“You’re a fucking disgrace!” shouted a drunken youth, hanging out of a low-slung, headlights blazing, Falcon GT as I walked out of the Directors Hotel in Adelaide after my first ‘Transgender Friday’ meeting. I waved and smiled, but I don’t think it helped my position on his disgracefulness ladder.
Until then I hadn’t appreciated how deeply some people feel that I, a male dressed as a female, am a disgrace. I thought it was simply my private disgrace – a disgrace to my expected gender roles in society, a disgrace to my wife and children, not to mention the contempt for myself that I have struggled with for 50 years. But by transgressing gender boundaries I seem to touch a raw nerve among the youth.
We tend to pigeonhole people into categories of all sorts, including sexuality and gender. We are either male or female, and we are attracted to one sex, or the other. But what to make of someone who is obviously male, dressing as a female? More difficult still, what to make of the sexuality of the partner of that indeterminate person? Our categorising facility breaks down.
People are annoyed when they can’t put me into a neat pigeonhole, and they question the possibility that my wife, my heterosexual and loving wife, is perhaps a lesbian, as if being a lesbian is somehow a crime. And me – what happens to my sexuality when I dress female? Surely by looking female I must want to attract men?
The law is no great help. If I decide to transition, that is, to officially take on the role of a woman, then I must dissolve my perfectly good marriage. How crazy is that?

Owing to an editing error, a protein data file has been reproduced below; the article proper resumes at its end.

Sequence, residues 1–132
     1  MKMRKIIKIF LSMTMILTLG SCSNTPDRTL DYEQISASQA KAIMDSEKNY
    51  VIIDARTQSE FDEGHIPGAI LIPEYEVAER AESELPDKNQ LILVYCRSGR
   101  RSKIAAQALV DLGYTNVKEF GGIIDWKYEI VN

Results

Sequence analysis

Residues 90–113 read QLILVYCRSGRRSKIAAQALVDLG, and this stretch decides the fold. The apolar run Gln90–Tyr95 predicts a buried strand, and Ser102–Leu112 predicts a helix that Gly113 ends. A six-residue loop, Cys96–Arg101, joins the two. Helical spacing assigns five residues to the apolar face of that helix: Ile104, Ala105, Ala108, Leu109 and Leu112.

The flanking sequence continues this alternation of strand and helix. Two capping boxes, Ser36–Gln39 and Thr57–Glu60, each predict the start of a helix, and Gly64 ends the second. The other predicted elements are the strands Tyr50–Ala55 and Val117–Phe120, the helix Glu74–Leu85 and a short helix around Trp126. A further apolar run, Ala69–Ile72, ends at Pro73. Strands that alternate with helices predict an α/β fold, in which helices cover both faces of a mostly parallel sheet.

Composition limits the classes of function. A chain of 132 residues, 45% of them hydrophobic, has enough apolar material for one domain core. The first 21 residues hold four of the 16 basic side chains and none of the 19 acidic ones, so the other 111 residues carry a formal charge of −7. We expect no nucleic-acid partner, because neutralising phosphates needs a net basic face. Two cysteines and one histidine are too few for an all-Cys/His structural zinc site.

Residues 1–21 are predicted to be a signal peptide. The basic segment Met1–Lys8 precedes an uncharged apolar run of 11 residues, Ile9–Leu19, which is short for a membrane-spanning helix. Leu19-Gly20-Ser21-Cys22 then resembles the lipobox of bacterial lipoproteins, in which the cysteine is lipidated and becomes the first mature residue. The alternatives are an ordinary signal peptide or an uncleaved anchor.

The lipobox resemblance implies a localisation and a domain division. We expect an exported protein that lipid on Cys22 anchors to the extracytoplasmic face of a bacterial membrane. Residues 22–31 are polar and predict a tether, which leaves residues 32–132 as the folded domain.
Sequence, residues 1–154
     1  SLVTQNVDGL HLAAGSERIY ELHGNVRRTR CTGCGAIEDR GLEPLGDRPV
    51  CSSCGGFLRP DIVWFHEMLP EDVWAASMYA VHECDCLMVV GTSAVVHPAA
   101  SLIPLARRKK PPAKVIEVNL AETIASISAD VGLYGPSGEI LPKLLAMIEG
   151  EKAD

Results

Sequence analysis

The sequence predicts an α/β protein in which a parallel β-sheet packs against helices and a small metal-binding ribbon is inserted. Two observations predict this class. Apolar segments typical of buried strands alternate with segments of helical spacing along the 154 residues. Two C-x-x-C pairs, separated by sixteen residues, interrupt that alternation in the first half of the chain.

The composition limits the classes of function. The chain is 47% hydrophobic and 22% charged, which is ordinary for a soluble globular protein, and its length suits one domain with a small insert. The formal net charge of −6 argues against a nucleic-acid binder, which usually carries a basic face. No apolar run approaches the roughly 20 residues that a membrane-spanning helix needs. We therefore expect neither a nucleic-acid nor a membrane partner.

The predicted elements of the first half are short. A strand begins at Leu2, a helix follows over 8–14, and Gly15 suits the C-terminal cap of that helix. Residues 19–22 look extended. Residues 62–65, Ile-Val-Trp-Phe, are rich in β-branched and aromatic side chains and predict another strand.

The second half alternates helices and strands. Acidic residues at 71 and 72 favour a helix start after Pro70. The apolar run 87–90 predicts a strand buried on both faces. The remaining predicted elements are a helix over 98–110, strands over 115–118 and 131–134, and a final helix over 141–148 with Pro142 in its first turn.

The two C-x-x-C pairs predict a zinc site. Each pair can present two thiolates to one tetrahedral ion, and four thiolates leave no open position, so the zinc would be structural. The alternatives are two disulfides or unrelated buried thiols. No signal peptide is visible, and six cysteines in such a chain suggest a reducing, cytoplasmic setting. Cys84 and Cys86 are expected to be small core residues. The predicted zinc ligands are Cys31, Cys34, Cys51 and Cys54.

Going out in public for the first time dressed as the woman I want to be was more than just a little play with clothes, a wig and makeup. It was the start of me accepting who I am, and addressing all those confusing issues for myself, my wife, and everyone else in the world.
Where lies the disgrace? Is it in the clothes I wear? The way I feel like I’m drowning if I can’t dress and be female? Does it lurk behind the reason I feel this way, whether it is genetic, a small imbalance of hormones in the womb, or something happening inside my mind? Perhaps it is the fact that I don’t look pretty enough to be acceptable to the god of feminine identities, or the male gate-keeper of what is acceptably female?
All I know is that I am me. There aren’t two of me: one pretending to be male, and one pretending to be female. I don’t suddenly switch my sexual preference when I dress female. And my wife doesn’t suddenly prefer females now I have come out as transgender. I am me, and I am gradually discovering what that means exactly.
So, who is the “fucking disgrace” here? Me, minding my own business, trying to live life in the most valid way I can, being incapable of living it in any other way? Or the youth hanging out the car window, and a society that sits on his shoulder and whispers that it’s OK to shout abuse at someone who is different?
Stephanie Russell is an advocate for transgender rights and Secretary of the Carrousel Club of South Australia. She is a scientist with diverse research interests ranging from astronomy and satellite engineering to building the resilience of Indigenous communities to climate change. But at heart she is a writer.
Image via Kai C. Schwarzer
Twink masculinity: The destabilising nature of stereotypes
Sexuality workshops and play spaces lubricated my gender fluidity
For partners of transgender people who come out
Trans masculine India: Gender role play, prejudice and the hijra community
Chivalry: How modern men inherit medieval misogyny
Fanfiction: Coding homosexuality as a teenager
Transgender children: doing it for the kids